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Houma Historian Solves U-boat Mystery Charles J. Christ, an avid yacht racer, was taking a celestial navigation class in 1967 when a door opened to his 50-year study of U-boats (“Untersea Boot”), the German submarines. A friend in the class asked him if he knew U-166 had been sunk south of Houma in the summer of 1942. Christ and two scuba diving friends spent three years searching for the German sub on weekends, “to take home the periscope as a souvenir,” he says with a chuckle. His buddies lost interest, but the idea of German subs in his own backyard took hold of the Houma resident, an Air Force veteran who flew a B-29 bomber over North Korea. He researched the U-boats’ history and published two books—collections of 200 newspaper columns he had written for the Houma Courier. Christ met a handful of other amateur historians involved in this theater of WWII, including E.B. “Libby” Gasaway. Her 1970 U-boat history, Grey Wolf, Grey Sea, sent Christ flying, literally, to her north Louisiana town. The German U-boat Admiral Karl Donitz wrote the foreword for Gasaway’s book; she, in turn, asked him to allow Christ to attend the 1978 conference of U-boat veterans in Hamburg, Germany. The group welcomed Christ as a full-fledged member, and at one of the veterans’ reunions, the dogged researcher interviewed Donitz. (Donitz’s slogan in his war on Allied shipping was Operation Paukenschlag, or Operation Drumbeat; the name was the inspiration for the Paukenschlag Society, in which Christ gathered the small group of like-minded historians.) The highlight of Christ’s historian career was being honored by the U.S. Navy for helping to solve the mystery of where U-166 was sunk and who had really sunk her. It is the only U-boat the United States destroyed in the Gulf of Mexico. The story begins July 30, 1942, when U-166 torpedoed the Robert E. Lee, a cargo-passenger ship packed with 270 passengers traveling from Trinidad to New Orleans. Conditions were deplorable on board, with stifling heat and a lack of food, sanitary facilities, and water. Passengers included merchant marines from two freighters torpedoed in the Caribbean. Herbert G. Claudius commanded the PC566, which was the escort for the Lee. He twice broke radio silence using the frequency monitored by the Germans. The Lee was going too fast to zig-zag, which was the method for avoiding torpedoes. After the Lee was torpedoed, the PC566 dropped several depth charges on the sub, frightening the Lee’s survivors floating in the water. Commander Claudius did take out U-166, but this could not be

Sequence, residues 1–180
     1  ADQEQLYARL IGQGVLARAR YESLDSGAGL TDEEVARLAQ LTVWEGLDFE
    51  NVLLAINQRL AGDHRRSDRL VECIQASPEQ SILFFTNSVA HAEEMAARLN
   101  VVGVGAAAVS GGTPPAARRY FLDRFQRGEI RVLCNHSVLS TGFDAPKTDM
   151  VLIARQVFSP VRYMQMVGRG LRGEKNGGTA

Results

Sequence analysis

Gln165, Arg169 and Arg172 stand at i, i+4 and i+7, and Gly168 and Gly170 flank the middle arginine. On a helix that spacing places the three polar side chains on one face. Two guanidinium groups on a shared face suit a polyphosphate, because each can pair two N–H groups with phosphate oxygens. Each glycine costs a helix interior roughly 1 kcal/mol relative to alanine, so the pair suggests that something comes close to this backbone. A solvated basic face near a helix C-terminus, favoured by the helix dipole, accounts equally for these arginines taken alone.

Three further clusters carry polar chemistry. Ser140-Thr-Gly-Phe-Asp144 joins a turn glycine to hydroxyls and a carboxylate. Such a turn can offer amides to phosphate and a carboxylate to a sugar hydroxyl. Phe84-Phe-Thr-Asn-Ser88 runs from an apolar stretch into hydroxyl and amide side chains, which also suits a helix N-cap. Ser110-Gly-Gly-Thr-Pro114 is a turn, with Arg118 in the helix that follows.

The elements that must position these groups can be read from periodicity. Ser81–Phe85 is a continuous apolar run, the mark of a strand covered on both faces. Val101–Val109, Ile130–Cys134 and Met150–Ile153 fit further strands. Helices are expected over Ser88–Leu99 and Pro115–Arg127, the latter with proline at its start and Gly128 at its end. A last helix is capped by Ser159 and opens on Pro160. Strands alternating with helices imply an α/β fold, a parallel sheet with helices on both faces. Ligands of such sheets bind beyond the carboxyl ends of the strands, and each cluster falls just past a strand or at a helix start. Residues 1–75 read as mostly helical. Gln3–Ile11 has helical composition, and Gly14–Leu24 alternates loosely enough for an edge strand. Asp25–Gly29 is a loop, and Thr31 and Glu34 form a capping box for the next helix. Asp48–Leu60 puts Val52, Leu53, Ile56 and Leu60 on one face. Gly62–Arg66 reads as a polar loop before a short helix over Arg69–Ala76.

they gobbled cheese and crackers. In Gulf waters, heat and humidity were high, and the men were allowed only one cup of water per day. Despite the hardships, crewmen interviewed after the war said tempers never flared, because “we were well trained and prepared.” Death was a constant companion on a U-boat; 40,000 men served on German subs and 28,000 lost their lives. However, as Douglas Botting of Time-Life wrote, “They had come astonishingly close to defeating the British and altering the outcome of the war.” As the battle in the Gulf continued during 1942, the United States military tightened defenses with convoys, air patrols, and fishermen organized with sailors. Christ writes, “The hunters soon became the hunted, and Admiral Donitz called his wolves home.” In September 1942, the U-boats were sent south to the Caribbean and Latin America. In 1945, when Hitler committed suicide, Donitz replaced him. Realizing all was hopeless, the admiral began the process for surrender, which occurred 20 days later. Donitz spent 10 years in Spandau Prison in Berlin after being convicted at Nuremburg—not for his sub warfare, but for helping Hitler to rebuild Germany’s military machine after WWI.